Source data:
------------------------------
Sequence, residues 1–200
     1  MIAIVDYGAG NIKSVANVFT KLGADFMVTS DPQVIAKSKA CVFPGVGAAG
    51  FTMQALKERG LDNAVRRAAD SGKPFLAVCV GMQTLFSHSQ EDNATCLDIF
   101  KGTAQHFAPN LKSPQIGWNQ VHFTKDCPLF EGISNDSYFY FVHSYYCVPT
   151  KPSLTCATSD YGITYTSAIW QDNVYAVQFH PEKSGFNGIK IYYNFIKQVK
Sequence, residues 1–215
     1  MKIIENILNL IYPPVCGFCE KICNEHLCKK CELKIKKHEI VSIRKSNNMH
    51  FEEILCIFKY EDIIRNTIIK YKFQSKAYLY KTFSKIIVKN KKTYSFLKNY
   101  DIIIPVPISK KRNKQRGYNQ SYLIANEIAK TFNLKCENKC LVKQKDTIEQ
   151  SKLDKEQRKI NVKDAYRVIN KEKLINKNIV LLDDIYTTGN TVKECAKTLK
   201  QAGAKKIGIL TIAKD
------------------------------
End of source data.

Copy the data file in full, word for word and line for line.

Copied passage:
Sequence, residues 1–200
     1  MIAIVDYGAG NIKSVANVFT KLGADFMVTS DPQVIAKSKA CVFPGVGAAG
    51  FTMQALKERG LDNAVRRAAD SGKPFLAVCV GMQTLFSHSQ EDNATCLDIF
   101  KGTAQHFAPN LKSPQIGWNQ VHFTKDCPLF EGISNDSYFY FVHSYYCVPT
   151  KPSLTCATSD YGITYTSAIW QDNVYAVQFH PEKSGFNGIK IYYNFIKQVK
Sequence, residues 1–215
     1  MKIIENILNL IYPPVCGFCE KICNEHLCKK CELKIKKHEI VSIRKSNNMH
    51  FEEILCIFKY EDIIRNTIIK YKFQSKAYLY KTFSKIIVKN KKTYSFLKNY
   101  DIIIPVPISK KRNKQRGYNQ SYLIANEIAK TFNLKCENKC LVKQKDTIEQ
   151  SKLDKEQRKI NVKDAYRVIN KEKLINKNIV LLDDIYTTGN TVKECAKTLK
   201  QAGAKKIGIL TIAKD